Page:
My ambition as a professional artist is to maintain the course that I set nearly 30 years ago by establishing my work in the fields of painting, sculpture, and performance. Every project I undertake is building on my past experiences. My original approach is unchanged; it is a personal challenge to produce the best work possible every time. One very important and guiding principle to my work is to reach out beyond the elitist boundaries of fine art and connect to popular culture through my art.
My personal ambition has always been to live the example. I believe the artist has a social responsibility to engage others in a thought process that ultimately brings art into everyday life thereby enhancing the quality of our experience.
In the late 1970s, Kenny Scharf studied at the School of Visual Arts in New York, where he was exposed to subway graffiti and the downtown art scene. He began to work in spray paint, combining it with the traditional media he used in art school. Scharf graduated from SVA in 1980, and a year later he was given a solo show at the FUN Gallery in New York. He became one of the principal figures in the East Village scene, painting both in the streets and for galleries such as Tony Shafrazi, which showed Scharf's work in 1984. The following year, the Whitney Museum of American Art included Scharf in its biennial.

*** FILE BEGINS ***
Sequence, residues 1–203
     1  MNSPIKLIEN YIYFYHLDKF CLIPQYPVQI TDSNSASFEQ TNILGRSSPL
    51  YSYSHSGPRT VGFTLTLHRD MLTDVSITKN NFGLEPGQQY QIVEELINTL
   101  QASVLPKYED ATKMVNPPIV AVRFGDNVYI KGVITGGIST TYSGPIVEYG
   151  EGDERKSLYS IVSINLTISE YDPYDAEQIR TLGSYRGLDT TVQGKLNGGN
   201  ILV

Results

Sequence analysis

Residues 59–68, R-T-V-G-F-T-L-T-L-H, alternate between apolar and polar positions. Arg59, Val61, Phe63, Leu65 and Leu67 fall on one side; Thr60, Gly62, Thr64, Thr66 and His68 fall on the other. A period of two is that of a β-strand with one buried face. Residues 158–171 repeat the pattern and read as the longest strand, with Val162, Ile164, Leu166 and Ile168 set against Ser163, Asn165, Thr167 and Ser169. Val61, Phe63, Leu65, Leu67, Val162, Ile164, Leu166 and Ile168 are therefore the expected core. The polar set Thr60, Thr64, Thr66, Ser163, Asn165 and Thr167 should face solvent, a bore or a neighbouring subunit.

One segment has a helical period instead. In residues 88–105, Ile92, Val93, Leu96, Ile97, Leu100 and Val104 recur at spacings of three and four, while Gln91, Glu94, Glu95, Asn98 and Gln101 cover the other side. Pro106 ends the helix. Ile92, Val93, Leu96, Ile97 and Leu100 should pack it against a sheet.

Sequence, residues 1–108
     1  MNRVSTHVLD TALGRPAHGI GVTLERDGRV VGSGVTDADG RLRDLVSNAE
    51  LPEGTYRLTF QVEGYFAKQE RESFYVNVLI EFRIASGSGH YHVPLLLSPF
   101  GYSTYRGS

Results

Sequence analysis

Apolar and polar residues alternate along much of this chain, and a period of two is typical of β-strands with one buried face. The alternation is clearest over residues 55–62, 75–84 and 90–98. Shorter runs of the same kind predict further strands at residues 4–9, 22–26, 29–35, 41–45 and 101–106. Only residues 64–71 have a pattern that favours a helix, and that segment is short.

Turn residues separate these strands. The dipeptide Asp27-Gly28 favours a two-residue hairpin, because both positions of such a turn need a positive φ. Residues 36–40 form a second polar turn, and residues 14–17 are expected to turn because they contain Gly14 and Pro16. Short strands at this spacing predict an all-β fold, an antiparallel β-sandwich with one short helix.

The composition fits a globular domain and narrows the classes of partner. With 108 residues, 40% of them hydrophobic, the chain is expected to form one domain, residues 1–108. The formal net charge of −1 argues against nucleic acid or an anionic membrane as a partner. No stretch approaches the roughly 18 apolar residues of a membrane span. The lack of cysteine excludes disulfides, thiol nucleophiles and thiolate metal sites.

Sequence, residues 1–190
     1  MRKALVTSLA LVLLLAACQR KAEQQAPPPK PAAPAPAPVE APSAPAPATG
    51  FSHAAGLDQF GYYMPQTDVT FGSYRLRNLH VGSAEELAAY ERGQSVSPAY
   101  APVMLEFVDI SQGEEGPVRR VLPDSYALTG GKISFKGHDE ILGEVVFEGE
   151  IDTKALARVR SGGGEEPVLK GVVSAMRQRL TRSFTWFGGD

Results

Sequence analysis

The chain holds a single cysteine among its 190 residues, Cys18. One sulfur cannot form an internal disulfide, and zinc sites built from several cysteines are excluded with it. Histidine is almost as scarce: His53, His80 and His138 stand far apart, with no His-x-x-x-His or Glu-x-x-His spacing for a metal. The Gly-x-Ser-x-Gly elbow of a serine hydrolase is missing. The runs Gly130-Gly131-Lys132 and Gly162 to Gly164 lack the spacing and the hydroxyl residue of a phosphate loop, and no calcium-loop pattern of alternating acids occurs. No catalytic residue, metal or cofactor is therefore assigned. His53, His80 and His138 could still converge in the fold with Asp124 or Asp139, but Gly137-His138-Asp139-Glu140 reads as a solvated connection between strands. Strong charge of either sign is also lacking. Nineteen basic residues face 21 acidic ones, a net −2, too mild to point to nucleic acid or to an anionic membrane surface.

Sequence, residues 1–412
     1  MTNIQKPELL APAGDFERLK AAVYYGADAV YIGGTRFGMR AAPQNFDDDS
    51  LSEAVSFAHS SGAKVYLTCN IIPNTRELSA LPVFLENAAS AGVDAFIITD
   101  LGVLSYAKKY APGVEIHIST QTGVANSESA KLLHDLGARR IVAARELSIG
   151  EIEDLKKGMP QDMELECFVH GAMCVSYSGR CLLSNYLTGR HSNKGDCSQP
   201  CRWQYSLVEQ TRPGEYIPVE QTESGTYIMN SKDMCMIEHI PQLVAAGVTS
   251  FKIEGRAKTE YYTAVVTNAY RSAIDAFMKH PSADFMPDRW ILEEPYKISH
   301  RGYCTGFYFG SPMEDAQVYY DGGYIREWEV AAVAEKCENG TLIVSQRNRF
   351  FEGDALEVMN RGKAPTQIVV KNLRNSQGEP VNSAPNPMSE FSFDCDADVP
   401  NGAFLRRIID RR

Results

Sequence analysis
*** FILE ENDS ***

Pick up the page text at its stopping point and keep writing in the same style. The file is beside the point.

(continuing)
Scharf's cartoonish renditions of Jetsons and Flintstones characters, distorted into lava lamp-like shapes and floating on wild, outer-space backgrounds, are often painted on huge, wall-sized canvases. His aesthetic has lent itself to popular applications as well, including nightclub and restaurant decor, clothing, toys, and album covers for pop groups such as the B-52s.